It has been determined that PG&E equipment started the Camp Fire, but officially the cause of the Kincade fire is still under investigation.
On October 24 PG&E filed a required preliminary report with the California Public Utilities Commission that stated “at approximately (9:20 p.m.) on Oct. 23, PG&E became aware of a Transmission level outage on the Geysers No. 9 Lakeville 230kV line when the line relayed and did not reclose. At approximately (7:30 a.m.) on Oct. 24, a responding PG&E Troubleman patrolling the Geysers No. 9 Lakeville 230 kV line observed that CalFire had taped off the area around the base of transmission tower 001/006. On site CalFire personnel brought to the Troubleman’s attention what appeared to be a broken jumper on the same tower.”
Jumper cables are used on high voltage lines to route the wires around the metal tower so the electricity is not conducted into the structure. If a piece of hardware that supports the jumpers fails, the jumper wire breaks, or if it comes in contact with the steel tower, massive arcing will occur sending sparks and molten metal flying, which can ignite anything on the ground that is flammable.
The video below shows the ignition of the Kincade Fire on October 23 as seen in near infrared from a camera at Barham near Geyserville, California. Keep your eye on the bright light on the horizon left of center. It disappears at about 21:19:55 and 15 seconds later the fire can be seen growing rapidly.
Today I learned about a program designed to merge former professional football players with veterans of the military. The goal is to give them a new team to tackle the transition together. Called Merging Vets & Players, or MVP, it shows them they are NOT alone.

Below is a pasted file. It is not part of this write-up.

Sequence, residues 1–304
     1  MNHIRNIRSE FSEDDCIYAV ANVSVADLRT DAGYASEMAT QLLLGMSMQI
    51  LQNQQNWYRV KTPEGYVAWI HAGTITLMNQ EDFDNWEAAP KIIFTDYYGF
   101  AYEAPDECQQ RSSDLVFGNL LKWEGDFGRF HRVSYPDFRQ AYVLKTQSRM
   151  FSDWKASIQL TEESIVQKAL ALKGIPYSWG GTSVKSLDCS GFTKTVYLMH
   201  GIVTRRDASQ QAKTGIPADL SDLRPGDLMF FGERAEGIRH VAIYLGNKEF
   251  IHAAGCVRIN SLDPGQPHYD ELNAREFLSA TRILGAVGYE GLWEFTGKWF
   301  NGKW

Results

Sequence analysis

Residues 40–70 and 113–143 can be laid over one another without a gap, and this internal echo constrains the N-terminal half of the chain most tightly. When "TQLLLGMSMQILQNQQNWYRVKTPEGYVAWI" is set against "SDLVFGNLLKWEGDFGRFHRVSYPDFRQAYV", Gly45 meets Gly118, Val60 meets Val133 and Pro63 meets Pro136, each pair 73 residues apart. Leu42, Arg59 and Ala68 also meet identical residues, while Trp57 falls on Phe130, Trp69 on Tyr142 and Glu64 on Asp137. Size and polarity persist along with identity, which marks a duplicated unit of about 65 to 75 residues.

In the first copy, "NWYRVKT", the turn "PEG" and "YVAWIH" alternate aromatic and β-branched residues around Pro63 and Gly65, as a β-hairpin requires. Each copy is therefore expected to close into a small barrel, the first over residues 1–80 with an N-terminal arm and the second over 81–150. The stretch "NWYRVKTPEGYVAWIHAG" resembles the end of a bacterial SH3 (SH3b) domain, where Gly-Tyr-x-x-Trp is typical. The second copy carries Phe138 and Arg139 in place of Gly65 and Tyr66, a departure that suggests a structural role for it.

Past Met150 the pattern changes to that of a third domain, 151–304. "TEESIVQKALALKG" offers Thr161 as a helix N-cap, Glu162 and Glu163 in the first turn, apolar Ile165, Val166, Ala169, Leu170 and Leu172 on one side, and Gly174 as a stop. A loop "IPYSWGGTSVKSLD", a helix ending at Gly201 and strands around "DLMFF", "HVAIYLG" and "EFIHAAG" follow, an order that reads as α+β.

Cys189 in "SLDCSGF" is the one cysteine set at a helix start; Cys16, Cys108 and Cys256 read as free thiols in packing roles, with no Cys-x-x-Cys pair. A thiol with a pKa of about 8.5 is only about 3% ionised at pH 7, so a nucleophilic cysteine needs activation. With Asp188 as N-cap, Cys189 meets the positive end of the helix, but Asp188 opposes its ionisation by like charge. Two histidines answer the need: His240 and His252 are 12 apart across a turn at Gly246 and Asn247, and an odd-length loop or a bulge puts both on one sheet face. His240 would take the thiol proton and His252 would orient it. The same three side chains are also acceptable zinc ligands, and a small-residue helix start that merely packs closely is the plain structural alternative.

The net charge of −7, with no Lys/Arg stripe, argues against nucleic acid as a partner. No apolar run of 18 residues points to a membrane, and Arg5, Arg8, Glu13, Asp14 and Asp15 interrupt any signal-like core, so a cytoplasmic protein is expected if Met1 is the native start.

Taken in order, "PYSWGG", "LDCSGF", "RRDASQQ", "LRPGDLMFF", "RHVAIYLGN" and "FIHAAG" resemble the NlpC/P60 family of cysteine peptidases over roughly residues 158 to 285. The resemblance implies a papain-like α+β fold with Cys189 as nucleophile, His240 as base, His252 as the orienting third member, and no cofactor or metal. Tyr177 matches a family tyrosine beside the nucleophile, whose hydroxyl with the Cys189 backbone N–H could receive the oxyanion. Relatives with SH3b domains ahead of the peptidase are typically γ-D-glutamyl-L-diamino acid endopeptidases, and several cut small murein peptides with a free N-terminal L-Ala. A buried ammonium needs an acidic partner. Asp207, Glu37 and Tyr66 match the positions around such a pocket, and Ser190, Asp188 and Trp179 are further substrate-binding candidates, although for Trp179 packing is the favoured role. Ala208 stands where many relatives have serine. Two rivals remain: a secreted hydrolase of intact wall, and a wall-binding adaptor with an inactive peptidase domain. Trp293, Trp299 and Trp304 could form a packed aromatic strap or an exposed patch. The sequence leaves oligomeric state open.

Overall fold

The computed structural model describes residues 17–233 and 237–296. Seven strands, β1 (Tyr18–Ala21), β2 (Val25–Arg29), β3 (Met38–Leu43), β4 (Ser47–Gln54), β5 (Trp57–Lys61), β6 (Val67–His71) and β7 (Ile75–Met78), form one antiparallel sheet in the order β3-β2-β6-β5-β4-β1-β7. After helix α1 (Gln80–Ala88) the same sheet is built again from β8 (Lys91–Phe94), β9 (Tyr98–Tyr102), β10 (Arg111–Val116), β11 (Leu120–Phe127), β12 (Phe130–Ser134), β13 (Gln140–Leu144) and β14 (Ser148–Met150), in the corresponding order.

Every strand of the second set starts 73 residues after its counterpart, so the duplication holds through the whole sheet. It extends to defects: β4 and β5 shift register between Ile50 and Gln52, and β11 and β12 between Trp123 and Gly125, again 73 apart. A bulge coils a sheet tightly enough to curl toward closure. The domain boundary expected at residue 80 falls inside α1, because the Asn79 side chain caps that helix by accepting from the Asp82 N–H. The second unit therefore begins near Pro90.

Fox Sports analyst Jay Glazer and Nate Boyer, retired NFL player and former Green Beret, created MVP in 2015 to address this important challenge.
So far MVP is active in four cities where once a week the former football players and military veterans meet for one hour and 45 minutes in gyms.
Here is how it is described:
The program starts with a 30-minute workout with a warrior to their left and right to get that familiar “burn” going again in them.
The magic of the MVP begins right after with The Huddle, an hour and fifteen minutes of peer-on-peer support, a group of badasses building up fellow badasses. It reminds us of our strength, even when it doesn’t seem clear.
The Huddle is where they share their challenges in transition and offer each other support and resources. MVP coaches our vets and athletes to be PROUD OF THEIR SCARS, and to use what they experienced on the battlefield or football field to EMPOWER them through the transition. We don’t run from mental health challenges, we tackle it as a team.
Too many combat vets and former professional athletes think they are alone, MVP is here to show you’re not alone. Whether it’s combat camouflage or a sports jersey, our MVP members help each other find a new identity, — find greatness again — after the uniform comes off.
Wildland firefighters have some things in common with vets and professional football players. Wildland firefighters are tactical athletes, they are members of a team, they depend on each other for success and safety, what they do can be extremely mentally and physically difficult, they are often away from their friends and families, and there are times of the year when they suddenly transition to a much different life style away from their “team”.
Maybe the MVP program could be modified, merging vets with current or transitioned firefighters. Or, it could be just firefighters.
Take a look at the two-minute video that Fox aired on Thanksgiving before the football games.
I’d love to see a group of firefighters doing the “WHO’S GOT MY BACK” call and response.
Would you rather communicate with a counselor by text? If you are feeling really depressed or suicidal, a crisis counselor will TEXT with you. The Crisis Text Line runs a free service. Just text: 741-741